describe the process of single cirulatory system?
the heart pumps deoxygenated blood to the gills
here gaseous exchange takes place; there is diffusion of carbon dioxide from the blood into the ater that surrounds the gills and diffusion of oxygen from this water into the blood
the blood leaving the gills then flows round the rest of the body beofre eventuallt returing to the heart.
animals such as fish have a single cirulaotry system.
stokes are caused by an interruption to the normal blood supply in an area of the brain this may be bleeding from damaged capillarys.or a blockage cutting of the blood supply to the brain. usally by a blood clot. a blockage in ine of the main arteries leading to the brain can cause a serious strokes or even death. in one of the smaller arterioles the damage may be less serious.
the symptoms of strokes
dizzieness, confusion, slurred speech, blurred vision, or loss of part pf vision. and numbness.
plaque can build up slowly in the cornory arteries, reduucing blood flow to the parts of the hearrt muscule beyond the plaque. often symptoms are first noticed during exercise. when the cardicac muscle is working harder and needs more oxygen. the narrowed cononary arteries cannot supply enough oxygenated blood and the heart micle has to resort to anaerobic respiration. ehis causes a gripping pain in the chest.
angina can be helped by eating a low fat diet, taking regular exercise adn losing weight, also not smoking. the symptoms can be treated by drugs, that cause rapid dialations of the conory blood vessles so that they supply the cardiac muscle with the oxygen it needs.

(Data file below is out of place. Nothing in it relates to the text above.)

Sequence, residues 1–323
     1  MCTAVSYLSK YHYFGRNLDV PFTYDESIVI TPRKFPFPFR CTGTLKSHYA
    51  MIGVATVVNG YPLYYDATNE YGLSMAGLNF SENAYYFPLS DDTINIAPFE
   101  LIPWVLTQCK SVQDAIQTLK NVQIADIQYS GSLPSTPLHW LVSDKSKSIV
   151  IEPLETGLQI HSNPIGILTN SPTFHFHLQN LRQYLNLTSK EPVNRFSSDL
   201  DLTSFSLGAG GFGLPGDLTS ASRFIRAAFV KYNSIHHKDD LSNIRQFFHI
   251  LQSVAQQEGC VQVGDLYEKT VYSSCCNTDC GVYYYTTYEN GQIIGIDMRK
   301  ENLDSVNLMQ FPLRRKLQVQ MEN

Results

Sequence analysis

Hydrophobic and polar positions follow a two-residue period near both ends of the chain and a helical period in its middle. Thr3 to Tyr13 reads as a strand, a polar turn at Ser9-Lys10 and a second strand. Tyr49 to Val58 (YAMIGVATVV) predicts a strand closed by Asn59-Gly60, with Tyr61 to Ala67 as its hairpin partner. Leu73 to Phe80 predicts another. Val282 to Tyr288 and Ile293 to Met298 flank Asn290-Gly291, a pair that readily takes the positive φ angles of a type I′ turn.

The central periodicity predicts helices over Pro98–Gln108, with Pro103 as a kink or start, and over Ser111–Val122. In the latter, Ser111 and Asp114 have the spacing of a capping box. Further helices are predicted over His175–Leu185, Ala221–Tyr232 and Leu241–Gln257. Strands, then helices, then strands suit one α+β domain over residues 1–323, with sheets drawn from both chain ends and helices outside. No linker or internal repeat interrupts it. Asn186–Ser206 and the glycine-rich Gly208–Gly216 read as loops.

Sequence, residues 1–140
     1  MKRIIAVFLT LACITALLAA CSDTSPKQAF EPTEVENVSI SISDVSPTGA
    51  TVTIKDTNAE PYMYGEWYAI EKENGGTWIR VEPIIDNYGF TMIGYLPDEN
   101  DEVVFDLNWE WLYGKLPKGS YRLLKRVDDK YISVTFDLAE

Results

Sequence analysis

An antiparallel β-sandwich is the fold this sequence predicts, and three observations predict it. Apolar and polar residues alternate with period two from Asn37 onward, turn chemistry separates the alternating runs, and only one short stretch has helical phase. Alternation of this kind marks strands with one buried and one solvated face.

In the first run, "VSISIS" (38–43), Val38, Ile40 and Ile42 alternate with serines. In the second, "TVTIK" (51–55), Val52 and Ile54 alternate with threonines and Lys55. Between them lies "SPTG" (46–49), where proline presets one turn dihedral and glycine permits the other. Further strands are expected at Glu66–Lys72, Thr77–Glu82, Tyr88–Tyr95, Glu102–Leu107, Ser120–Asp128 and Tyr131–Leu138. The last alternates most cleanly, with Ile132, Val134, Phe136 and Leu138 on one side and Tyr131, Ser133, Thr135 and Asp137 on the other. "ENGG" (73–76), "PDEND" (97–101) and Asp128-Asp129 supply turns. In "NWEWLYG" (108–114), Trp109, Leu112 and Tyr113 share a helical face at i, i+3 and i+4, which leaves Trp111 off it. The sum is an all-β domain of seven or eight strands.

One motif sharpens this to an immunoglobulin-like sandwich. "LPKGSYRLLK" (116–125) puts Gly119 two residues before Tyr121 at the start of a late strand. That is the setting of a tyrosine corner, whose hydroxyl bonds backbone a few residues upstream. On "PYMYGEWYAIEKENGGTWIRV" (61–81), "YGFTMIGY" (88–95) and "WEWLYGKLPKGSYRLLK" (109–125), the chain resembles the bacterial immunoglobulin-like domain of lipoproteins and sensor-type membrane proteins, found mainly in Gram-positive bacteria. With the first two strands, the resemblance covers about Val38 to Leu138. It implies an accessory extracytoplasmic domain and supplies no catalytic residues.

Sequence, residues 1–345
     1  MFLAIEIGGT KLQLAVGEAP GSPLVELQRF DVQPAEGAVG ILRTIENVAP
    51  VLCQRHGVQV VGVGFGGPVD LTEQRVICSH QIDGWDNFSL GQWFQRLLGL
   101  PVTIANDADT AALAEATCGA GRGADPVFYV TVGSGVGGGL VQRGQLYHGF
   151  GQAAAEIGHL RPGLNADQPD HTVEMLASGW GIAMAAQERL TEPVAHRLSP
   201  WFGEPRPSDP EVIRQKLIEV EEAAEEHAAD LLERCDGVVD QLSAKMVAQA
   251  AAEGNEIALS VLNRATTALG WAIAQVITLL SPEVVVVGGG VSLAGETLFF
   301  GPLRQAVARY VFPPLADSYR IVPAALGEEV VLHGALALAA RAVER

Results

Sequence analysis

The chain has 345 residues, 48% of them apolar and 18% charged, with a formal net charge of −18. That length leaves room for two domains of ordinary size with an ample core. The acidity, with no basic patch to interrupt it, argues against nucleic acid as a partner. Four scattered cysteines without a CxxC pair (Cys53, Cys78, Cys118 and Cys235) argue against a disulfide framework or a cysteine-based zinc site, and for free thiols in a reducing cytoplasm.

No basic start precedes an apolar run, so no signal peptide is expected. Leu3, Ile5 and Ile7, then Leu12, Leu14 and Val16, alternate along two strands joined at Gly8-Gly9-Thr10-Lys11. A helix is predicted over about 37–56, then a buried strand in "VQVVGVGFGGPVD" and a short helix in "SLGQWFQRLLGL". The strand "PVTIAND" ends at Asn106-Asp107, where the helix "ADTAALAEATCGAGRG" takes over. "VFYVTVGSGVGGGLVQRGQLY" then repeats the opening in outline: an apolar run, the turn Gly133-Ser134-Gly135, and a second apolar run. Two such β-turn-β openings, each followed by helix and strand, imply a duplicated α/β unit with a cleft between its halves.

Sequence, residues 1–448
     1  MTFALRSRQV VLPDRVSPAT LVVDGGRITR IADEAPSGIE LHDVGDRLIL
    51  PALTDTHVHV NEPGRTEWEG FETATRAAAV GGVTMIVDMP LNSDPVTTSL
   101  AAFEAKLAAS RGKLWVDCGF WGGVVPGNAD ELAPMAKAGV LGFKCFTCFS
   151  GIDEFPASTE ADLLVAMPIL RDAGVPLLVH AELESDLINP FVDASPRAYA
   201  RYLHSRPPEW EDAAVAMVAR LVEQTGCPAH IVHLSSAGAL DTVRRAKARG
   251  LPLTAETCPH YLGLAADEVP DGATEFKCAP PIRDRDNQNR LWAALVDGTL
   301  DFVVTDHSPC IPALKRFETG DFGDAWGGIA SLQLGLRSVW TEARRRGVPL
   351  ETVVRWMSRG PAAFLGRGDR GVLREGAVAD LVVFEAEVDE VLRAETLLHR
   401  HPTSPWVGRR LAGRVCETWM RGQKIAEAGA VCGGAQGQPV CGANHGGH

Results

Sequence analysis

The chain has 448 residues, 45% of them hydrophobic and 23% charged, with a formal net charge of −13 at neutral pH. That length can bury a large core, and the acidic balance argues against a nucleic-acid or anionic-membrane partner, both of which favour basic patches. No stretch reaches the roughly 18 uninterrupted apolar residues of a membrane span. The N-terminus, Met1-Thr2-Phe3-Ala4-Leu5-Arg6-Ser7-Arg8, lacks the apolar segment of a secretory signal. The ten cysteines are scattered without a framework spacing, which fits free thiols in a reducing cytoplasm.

many heartattacks are cause by blood clots leading to atheroscerosis. the wall of the arterienis affected by a plaque is stiffened. making it much more likley to suffer cracks or damage. platelers come into contact with the damaged surface of the damaged surface and a clotting mechanism is triggered.
means hardening of the arteries and is a build of fatty deposites on the inside of the arteries.
once the damage has occoured the body inflammatory response begins, white blood cells accumulate chemical from the blood, in particular cholesterol. this leads to fatty deposits known as atheroma forming on the endthelial lining of the arterie.
fibrous tissire and calcium salts also build up around the atheroma, turning into hardened plaque
this hardened area means that part of the artery wall, so it is less elastic
the lumen of the artery becomes much smaller as a rsult of plaque
this increases the blood pressure.
the oxygen association curve
The oxygen dissociation curve is a graph that shows the percent saturation of hemoglobin at various partial pressures of oxygen. Commonly a curve may be expressed with the P50 value. This is a value which tells the pressure at which the erythrocytes are fifty percent saturated with oxygen
At high partial pressures of oxygen, usually in the lungs, hemoglobin binds to oxygen to form oxyhemoglobin. When the blood is fully saturated all the erythrocytes are in the form of oxyhem
The sigmoid shape of the oxygen dissociation curve is a result of the cooperative binding of oxygen to the four polypeptide chains. Cooperative binding is the characteristic of a hemoglobin to have a greater ability to bind oxygen after a subunit has bound oxygen ). Thus, hemoglobin is most attracted to oxygen when three of the four polypeptide chains are bound to oxygen. oglobin. As the erythrocytes travel to tissues deprived of oxygen the partial pressure of oxygen will decrease. Consequently, the oxyhemoglobin releases the oxygen to form hemoglobin